An attractive trash can under the desk never hurts . Its always nice to have a beautiful cup holder for pens and stationary and a beautiful stapler, tape holder and paper clip holder. Recently I have started working with personal organizers so that my clients can have perfect tabs on all their files holders and just the right drawer dividers.
Is there any piece of home office furniture you covet? I love the Airia desk (and seriously not because its for Herman Miller) and I adore the big e15 table especially in yellow (above). I dream of having a giant desk like it. I love my vintage saarinen chair that I have in my PA house. I had it reupholstered in a brilliant magenta – it makes the perfect desk chair.
What is a desk accessory you can’t do without? A cup of coffee in my right hand. I would really love to get a set of “Anything” desk accessories (below).
What would you change about your own workspace? Well, my little spot in PA is kinda perfect for me but my office in New York needs help. In New York we sit at long white counters and although I can look out the window at the river from where I sit, I would love to have a freestanding table to work from. I would love to get a giant table maybe vintage or Baroque looking and have it shop finished in a crazy color – like fluorescent red. Then everything around it would be white. A giant inspiration board is the second thing on my wish list. My little space in PA feels personal and has an aesthetic, my New York space is about function and lacks personal style.
What do you most love about your space? Well, my space in my PA house is very special to me – it’s full of fun little memories because all the pictures on the wall were given to me either by the artist themself or by friends. I love looking out the window and daydreaming. There are always bunnies out there in the spring and summer and it’s so ridiculously idyllic that it makes me smile. I love my comfy magenta chair and the pop of color the rolling file add. I love that I can go out and pick some flowers from the garden and put them on the desk. In the pictures are peonies from my front yard.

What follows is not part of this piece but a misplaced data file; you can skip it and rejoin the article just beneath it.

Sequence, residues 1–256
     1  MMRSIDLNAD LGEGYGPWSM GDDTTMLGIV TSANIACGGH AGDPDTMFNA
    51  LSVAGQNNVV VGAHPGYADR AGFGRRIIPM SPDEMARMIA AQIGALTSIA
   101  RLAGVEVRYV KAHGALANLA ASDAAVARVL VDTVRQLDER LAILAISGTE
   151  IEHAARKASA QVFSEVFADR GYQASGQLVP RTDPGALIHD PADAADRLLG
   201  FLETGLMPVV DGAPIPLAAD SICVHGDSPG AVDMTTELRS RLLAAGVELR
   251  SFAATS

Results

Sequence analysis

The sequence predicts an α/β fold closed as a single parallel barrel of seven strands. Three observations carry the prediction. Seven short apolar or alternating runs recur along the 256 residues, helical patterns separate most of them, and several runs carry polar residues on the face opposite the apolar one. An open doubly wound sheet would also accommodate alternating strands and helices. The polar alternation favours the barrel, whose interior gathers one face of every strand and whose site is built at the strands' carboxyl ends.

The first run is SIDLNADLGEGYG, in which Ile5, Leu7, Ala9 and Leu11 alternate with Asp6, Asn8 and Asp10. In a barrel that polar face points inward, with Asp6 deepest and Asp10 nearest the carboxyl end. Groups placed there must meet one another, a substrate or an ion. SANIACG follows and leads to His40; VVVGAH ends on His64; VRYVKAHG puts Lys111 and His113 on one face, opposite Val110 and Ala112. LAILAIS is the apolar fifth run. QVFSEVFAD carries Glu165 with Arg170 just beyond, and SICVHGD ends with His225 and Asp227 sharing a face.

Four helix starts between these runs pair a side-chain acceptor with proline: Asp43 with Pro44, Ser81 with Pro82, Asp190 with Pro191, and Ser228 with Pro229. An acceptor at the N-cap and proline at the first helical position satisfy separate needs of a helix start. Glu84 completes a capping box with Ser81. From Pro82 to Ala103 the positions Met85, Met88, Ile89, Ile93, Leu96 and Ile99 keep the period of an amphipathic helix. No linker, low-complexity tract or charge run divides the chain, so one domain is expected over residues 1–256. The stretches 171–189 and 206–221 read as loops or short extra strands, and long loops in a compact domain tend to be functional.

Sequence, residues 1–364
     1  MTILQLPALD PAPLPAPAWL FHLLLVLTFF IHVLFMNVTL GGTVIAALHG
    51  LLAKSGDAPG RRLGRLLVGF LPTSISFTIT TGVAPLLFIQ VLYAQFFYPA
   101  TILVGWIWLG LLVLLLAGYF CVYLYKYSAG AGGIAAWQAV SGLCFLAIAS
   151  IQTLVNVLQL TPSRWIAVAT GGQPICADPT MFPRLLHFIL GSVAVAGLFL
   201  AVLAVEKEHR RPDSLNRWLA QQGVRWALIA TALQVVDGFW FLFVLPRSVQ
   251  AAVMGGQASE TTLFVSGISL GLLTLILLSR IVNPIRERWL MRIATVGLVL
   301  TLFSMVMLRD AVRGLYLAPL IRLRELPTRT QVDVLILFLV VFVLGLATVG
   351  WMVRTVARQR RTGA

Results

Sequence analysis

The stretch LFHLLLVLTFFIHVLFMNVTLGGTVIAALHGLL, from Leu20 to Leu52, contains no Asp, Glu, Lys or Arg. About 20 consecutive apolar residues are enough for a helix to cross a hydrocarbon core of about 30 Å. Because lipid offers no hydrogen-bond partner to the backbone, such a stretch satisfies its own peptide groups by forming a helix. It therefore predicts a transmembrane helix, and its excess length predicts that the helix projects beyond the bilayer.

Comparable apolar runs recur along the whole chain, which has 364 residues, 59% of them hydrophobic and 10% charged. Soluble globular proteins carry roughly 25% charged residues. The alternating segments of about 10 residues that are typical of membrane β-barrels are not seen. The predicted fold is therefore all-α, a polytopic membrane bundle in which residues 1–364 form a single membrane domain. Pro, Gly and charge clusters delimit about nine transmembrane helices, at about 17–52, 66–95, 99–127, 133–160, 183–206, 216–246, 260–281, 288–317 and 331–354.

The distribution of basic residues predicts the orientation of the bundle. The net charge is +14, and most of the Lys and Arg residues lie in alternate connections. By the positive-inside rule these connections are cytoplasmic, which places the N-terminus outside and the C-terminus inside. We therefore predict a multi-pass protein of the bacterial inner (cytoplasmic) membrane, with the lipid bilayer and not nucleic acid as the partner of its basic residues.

What inspires you? Anything bright and happy. I love seeing unexpected color combinations. I love seeing things that are out of scale – an image of something small that has been enlarged or visa versa. I love animal objects. The beach is my favorite place in the world and inspires me. I love my girl’s (Mia Soleil and Saskia Luna) art work. I love designing with my husband Jaime. I am inspired by very smart people who are also creative and who don’t take themselves too seriously. Collaborations with clients get my heart racing. Graffitti and urban wall art is beautiful and surprising.
Images: The PA office: Jaime Vinas, the New York apartment: Eric Laignel
Balance, Design, Products
May 27, 2010
Here is a slightly different take on our home office interview. Illustrator Jordan Awan drew his work space for us. I think it’s a nice change of pace. I’m a big fan of his work. Let me know what you think. Maybe more illos are called for! Check out his work at Springtime Studio and his blog here.
1. How long have you worked from home? And where is home? I started doing freelance illustration upon graduating from Pratt Institute in 2007. I have an apartment in Greenpoint, Brooklyn, that I share with my wife, Morgan Elliott, who is also an illustrator. I typically do editorial and print illustration for clients like The New Yorker, The New York Times, or McSweeney’s Quarterly Concern, though I have also done work as different as designing billboards for Puma or drawing patterns for dishware.
2. Describe your style? How would you define your aesthetic? That’s tough! I probably need a few drinks to answer this accurately. I’m typically attracted to an essentialized aesthetic, which is what I aim for in my illustration as well. I try to make every line count; no decoration or superfluous marks are allowed. The same goes for my living and workspace, I suppose!
3. As an illustrator with multiple clients how do you keep your office organized? I’m thinking here of the physical space but also your computer. Are there any particular programs you find really useful? Living in New York, I (along with everyone else in the city) am forced to make every square foot of my apartment count. My poor office shelving is working overtime to help me keep supplies, sketchbooks, papers, and everything else in order. A system that works for me is: whatever I’m not using at any given moment immediately goes back into storage. This helps me keep everything organized while at the same time opening up my workspace. As for my computer, I have developed a system where work is categorized first by client, then by year, then by assignment. Each assignment folder has all the reference, sketches, versions and finals.
4. Is there any piece of home office furniture you covet? I’ve always wanted an Eames Storage Unit. It would make organizing papers and supplies so much easier. I also need to bite the bullet and get a laptop at some point soon!
5. What is a desk accessory you can’t do without? I have a vintage Dazor drafting lamp that I’ve come to depend on. It’s a classic, the same kind that illustrators have used since the 1940s. It gives off the crispest light that is perfect for keeping my eyes focused on the detail of what I’m drawing; it’s also articulated in such a brilliant way that I can get light from any direction.